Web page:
Zim­bardo dons the hat of in­ves­tiga­tive re­porter, un­earthing orig­i­nal ar­gu­ments and psy­cho­log­i­cal ev­i­dence for why a group of ap­par­ently ‘‘ good ap­ples’’ placed in a ‘‘ bad bar­rel’’ be­haved the way they did. But he also adopts the role of opin­ion­ated ac­tivist, again aban­don­ing the role of ob­jec­tive sci­en­tist. Zim­bardo was an ex­pert wit­ness for a US sol­dier, staff sergeant Ivan ‘‘ Chip’’ Fred­er­ick, now serv­ing time for his role in the Abu Ghraib scan­dal. Fred­er­ick clamped the wires on the hands of the Iraqi pris­oner cloaked in a Ku Klux Klan hood, now an em­blem­atic im­age of the sor­did af­fair.

As with the Mil­gram ex­per­i­ment, Zim­bardo’s prison ex­per­i­ment wouldn’t pass the scru­tiny of a sci­en­tific re­search ethics com­mit­tee to­day. For a start, he was chief in­ves­ti­ga­tor and prison su­per­in­ten­dent, a def­i­nite con­flict of in­ter­est. But the Stan­ford prison ex­per­i­ment con­tin­ues to raise pro­found ques­tions about what is and isn’t per­mis­si­ble in re­search on hu­man sub­jects. Even seem­ingly be­nign stud­ies have the ca­pac­ity to psy­cho­log­i­cally scar un­pre­pared, un­tested par­tic­i­pants.

Zim­bardo says it’s the first time he has been able to bring him­self to doc­u­ment the full ex­tent of the 1971 ex­per­i­ment. His ef­fort reads like a cathar­tic tome writ­ten to ap­pease, him­self es­pe­cially. But the reader is left won­der­ing: How much guilt and re­morse does he feel about what he did, re­ally? In re­al­ity the ac­claimed Stan­ford psy­chol­o­gist has been en­thu­si­as­ti­cally retelling the story for more than three decades, lever­ag­ing off the no­to­ri­ety the ex­per­i­ment at­tracted.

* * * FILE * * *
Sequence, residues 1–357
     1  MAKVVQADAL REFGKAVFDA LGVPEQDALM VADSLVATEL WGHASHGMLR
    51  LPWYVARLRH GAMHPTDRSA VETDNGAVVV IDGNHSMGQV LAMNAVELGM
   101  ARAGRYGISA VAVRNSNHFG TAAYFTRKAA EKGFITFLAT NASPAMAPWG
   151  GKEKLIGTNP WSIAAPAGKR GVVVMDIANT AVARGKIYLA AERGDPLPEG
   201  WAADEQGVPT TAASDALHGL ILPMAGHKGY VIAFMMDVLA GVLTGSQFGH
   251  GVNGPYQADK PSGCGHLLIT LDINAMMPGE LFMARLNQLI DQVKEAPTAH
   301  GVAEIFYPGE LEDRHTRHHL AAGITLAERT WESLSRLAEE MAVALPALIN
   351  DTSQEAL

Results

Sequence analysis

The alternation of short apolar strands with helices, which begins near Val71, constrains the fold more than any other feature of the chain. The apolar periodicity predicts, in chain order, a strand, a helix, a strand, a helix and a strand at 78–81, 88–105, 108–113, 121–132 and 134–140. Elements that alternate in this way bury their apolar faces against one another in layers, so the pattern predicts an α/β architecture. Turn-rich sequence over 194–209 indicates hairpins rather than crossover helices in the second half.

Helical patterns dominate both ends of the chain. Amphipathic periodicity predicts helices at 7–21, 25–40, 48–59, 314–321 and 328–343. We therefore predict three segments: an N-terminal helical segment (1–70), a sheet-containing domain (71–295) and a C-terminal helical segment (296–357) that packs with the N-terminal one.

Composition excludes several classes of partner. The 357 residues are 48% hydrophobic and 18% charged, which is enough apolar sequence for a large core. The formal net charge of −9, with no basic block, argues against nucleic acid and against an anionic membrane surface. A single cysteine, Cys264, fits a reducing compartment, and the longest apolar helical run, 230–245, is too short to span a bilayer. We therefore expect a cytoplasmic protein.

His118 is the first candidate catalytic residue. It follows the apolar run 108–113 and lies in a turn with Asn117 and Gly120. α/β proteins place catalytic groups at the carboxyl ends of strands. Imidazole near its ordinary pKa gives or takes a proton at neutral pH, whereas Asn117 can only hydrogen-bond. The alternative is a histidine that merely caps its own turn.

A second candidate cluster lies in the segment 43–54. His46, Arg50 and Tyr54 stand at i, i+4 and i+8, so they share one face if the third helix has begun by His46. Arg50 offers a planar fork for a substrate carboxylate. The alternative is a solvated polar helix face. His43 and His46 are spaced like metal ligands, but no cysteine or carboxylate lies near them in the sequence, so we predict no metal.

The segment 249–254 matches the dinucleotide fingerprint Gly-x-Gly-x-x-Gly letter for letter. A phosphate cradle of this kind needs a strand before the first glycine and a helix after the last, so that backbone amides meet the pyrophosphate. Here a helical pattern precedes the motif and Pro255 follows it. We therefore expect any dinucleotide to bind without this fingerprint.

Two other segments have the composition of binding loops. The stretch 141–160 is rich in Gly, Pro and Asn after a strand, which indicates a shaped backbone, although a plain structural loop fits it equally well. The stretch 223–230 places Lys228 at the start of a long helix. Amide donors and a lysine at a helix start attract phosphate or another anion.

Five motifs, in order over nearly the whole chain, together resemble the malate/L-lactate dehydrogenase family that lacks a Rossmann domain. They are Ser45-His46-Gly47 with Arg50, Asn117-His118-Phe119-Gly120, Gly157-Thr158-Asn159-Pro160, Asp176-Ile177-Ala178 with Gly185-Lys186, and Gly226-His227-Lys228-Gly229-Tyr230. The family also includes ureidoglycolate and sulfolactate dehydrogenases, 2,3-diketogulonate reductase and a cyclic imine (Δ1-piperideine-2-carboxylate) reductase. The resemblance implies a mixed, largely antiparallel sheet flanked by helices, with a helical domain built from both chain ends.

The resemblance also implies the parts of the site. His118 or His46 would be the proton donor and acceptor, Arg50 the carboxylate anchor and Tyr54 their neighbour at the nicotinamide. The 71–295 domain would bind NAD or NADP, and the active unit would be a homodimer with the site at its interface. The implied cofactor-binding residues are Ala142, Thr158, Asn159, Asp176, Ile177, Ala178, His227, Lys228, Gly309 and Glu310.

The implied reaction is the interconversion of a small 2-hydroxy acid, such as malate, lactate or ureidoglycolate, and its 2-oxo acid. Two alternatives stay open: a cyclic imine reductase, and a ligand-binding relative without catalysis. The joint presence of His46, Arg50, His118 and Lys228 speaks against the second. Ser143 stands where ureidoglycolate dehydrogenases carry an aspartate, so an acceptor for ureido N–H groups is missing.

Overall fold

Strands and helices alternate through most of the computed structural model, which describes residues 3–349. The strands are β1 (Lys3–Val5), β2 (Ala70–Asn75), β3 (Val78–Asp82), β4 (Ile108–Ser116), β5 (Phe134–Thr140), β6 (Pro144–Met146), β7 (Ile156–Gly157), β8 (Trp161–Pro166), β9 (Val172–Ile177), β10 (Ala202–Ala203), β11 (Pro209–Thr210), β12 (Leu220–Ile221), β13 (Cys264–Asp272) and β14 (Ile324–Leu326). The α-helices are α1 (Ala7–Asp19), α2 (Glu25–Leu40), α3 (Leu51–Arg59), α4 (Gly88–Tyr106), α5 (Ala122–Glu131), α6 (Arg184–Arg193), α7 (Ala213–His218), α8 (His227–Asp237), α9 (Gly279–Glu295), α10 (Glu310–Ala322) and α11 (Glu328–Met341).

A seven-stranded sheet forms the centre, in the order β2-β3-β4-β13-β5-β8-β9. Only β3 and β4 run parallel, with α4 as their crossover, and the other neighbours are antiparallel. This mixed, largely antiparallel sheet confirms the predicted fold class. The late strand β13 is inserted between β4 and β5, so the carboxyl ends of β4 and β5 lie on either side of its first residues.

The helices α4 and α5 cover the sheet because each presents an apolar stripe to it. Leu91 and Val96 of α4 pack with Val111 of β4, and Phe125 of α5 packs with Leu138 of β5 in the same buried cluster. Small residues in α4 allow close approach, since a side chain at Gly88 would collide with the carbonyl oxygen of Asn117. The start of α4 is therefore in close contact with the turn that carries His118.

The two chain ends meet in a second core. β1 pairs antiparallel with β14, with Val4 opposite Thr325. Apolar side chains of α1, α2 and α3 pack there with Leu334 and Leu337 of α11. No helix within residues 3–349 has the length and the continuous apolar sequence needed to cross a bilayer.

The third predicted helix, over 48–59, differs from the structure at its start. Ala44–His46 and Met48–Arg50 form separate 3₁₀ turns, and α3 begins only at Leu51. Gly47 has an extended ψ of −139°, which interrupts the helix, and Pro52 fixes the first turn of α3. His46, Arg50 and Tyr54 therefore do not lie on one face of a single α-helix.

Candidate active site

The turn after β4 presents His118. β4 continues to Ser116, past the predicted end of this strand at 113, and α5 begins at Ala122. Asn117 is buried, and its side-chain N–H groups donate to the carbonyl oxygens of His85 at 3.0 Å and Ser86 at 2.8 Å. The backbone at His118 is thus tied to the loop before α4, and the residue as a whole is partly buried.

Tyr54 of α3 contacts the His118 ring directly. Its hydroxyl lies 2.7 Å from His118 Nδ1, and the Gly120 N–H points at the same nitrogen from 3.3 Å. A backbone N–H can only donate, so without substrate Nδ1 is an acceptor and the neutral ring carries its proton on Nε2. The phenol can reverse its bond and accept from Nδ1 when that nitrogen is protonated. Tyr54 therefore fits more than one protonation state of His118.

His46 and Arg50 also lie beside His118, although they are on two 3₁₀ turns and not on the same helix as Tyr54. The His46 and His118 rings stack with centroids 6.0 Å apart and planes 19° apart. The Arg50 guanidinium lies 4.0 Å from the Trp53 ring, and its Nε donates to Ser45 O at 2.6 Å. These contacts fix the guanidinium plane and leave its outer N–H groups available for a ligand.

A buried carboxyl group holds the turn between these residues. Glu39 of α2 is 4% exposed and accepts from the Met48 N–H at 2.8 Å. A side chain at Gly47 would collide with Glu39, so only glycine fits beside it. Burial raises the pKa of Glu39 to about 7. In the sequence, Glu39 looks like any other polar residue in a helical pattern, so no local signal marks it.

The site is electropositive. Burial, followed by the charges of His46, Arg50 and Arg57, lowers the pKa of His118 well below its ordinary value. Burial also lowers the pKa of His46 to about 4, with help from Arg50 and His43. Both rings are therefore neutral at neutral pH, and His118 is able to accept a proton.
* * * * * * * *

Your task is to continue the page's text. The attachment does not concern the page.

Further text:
A Hol­ly­wood ver­sion is un­der way; the BBC re­cently at­tempted a re­al­ity television se­ries based on the ex­per­i­ment; a Ger­man film, Das Ex­per­i­ment , re­ceived crit­i­cal at­ten­tion; and mul­ti­ple doc­u­men­taries have been made about the ex­per­i­ment’s legacy, star­ring Zim­bardo.

To some he’s a su­per­star psy­chol­o­gist se­duced by the bright lights of fame ( his web­site fea­tures his tanned face grin­ning be­side the likes of Bill Clin­ton); to oth­ers this for­mer pres­i­dent of the Amer­i­can Psy­cho­log­i­cal As­so­ci­a­tion is a hero of his pro­fes­sion, trans­lat­ing the find­ings of aca­demic psy­chol­ogy for the rest of us.

Han­nah Arendt wrote of the ‘‘ ba­nal­ity of evil’’ and the or­di­nary peo­ple who com­mit ex­tra­or­di­nary acts of evil. Zim­bardo now wants to turn his at­ten­tion to what he calls the ‘‘ ba­nal­ity of hero­ism’’. How do or­di­nary peo­ple achieve ex­tra­or­di­nary feats of good­ness, and how can all of us re­sist un­wanted in­flu­ences? Noble ques­tions in­deed. Natasha Mitchell is pre­sen­ter and pro­ducer of All in the Mind on Ra­dio Na­tional.

Il­lus­tra­tion: Igor Sak­tor